Play Live Radio
Next Up:
0:00 0:00
Available On Air Stations

Kentucky ACLU Pushes For ‘Breonna’s Law,’ Other Reforms In 2021 Session

Kevin Willis

The ACLU of Kentucky has unveiled their 2021 legislative priorities, including a statewide ban on no-knock warrants, protecting reproductive rights and several measures seeking to reform the criminal justice system.

The civil rights organization’s wish list includes bills sponsored by both Republicans and Democrats, including bipartisan efforts to reform the juvenile justice system, raise the threshold for felony theft and paid family leave for state workers.

Any successful legislation proposed in Kentucky requires Republican buy-in, since the party currently controls 75% of seats in the state legislature.

One of the group’s main efforts isBreonna’s Law for Kentucky, a bill that would ban most no-knock warrants across the state, require body cameras when officers are executing a warrant, and mandate interviews and drug testing of police within two hours of firing their weapons.

The bill is named after Breonna Taylor, whom Louisville police killed while serving a search warrant. Keturah Herron, policy strategist with the ACLU of Kentucky, said the bill is about preservation of human life.

“This bill would allow Breonna to do what she always wanted to do, and that was to save human lives,” Herron said.

The bill is sponsored by Louisville Democratic Rep. Attica Scott, who is also sponsoring initiatives like theCrown Act, which would ban discrimination based on natural hairstyles, andHouse Bill 266, requiring Medicaid reimbursement for doula services.

The ACLU is also pushing forHouse Bill 54, which would provide 12 weeks of paid family leave to state workers. The bill is sponsored by Republican Rep. Jason Nemes and Democratic Rep. Josie Raymond, both of Louisville.

Jackie McGranahan, also with the ACLU, said the bill is a “great first step” in expanding paid leave in the state.

“Offering paid leave to all staff better positions folks to make the best decisions for themselves and their families when it comes to pregnancies,” McGranahan said.

The organization is advocating for several measures to reform the state’s criminal justice system, an effort that has gained bipartisan support in recent years but ultimately come up short on some key issues.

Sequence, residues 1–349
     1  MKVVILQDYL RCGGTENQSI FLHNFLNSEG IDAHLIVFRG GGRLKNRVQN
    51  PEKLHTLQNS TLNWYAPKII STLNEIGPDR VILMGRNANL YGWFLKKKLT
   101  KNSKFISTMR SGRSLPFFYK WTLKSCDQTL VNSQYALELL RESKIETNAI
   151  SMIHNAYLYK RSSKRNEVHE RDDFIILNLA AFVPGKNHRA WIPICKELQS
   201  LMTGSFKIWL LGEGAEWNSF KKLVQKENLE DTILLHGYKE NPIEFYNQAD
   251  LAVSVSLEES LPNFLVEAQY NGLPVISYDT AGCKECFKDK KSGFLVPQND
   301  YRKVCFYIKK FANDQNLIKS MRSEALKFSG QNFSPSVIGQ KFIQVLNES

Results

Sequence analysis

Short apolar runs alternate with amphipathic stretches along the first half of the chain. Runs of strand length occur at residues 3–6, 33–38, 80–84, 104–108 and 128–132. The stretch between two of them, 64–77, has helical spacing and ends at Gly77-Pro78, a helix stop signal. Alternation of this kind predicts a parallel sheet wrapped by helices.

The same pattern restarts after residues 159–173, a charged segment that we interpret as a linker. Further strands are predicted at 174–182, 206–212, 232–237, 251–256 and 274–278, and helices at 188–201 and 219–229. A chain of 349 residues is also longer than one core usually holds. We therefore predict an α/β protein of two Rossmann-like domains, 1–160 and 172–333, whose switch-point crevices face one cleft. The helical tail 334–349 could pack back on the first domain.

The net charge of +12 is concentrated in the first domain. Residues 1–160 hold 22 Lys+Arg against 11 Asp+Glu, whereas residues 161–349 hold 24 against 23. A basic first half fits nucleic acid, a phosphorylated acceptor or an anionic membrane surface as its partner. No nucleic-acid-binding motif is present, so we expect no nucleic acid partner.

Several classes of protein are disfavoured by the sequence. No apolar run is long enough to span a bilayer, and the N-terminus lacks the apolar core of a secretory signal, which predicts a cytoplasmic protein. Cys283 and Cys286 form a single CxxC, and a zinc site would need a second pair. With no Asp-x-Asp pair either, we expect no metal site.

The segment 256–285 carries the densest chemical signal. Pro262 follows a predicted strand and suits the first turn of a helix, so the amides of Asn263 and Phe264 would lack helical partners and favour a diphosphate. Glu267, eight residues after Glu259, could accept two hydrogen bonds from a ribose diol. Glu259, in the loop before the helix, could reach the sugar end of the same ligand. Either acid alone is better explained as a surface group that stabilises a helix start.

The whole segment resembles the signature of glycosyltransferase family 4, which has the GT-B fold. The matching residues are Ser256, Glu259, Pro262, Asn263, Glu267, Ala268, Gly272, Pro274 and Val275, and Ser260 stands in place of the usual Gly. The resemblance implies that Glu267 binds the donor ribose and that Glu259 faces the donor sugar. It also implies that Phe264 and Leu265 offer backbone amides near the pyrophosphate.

House Bill 126, sponsored by Republican Rep. C. Ed Massey, would raise the threshold for what counts as felony theft from $500 to $1,000.

Amanda Hall, with the ACLU, said the measure would reduce the number of people convicted of felonies and bring Kentucky more in line with surrounding states.

“We really want to see less people have that felony conviction on their record, because we obviously see the way that a felony conviction can impact all civil rights,” Hall said.

Senate Bill 36 is Republican Sen. Whitney Westerfield’s effort to give judges more discretion when deciding whether to transfer minors to adult court. It’s been filed for the last three years but failed to pass out of the legislature. In 2020, it passed out of the Senate but didn’t make it out of the House.

According the ACLU, 53% of young people charged as adults are Black youth, while just 8% of the state’s population is Black.

House Bill 232 is Republican Rep. Jason Nemes’ bill to restore voting rights to those convicted of some felonies.Gov. Andy Beshear restored voting rights to many by executive order, but the legislature hasn’t codified the effort.

Senate Bill 84 is Republican Sen. Julie Raque Adams’ bill that would allow for six weeks of postpartum care for pregnant women who are incarcerated, along with access to substance use disorder treatment and a social worker. It would ban solitary confinement for pregnant Kentuckians.

Two bills would ban the death penalty: Senate Bill 60 by Republican Sen. Stephen Meredith seeks to ban the death penalty outright, andHouse Bill 148 by Republican Rep. Chad McCoy seeks to ban the execution of mentally ill Kentuckians.

Ryland Barton is the Managing Editor for Collaboratives. He's covered politics and state government for NPR member stations KWBU in Waco and KUT in Austin. He has a bachelor's degree from the University of Chicago and a master's degree in journalism from the University of Texas. He grew up in Lexington.

Email Ryland at
Related Content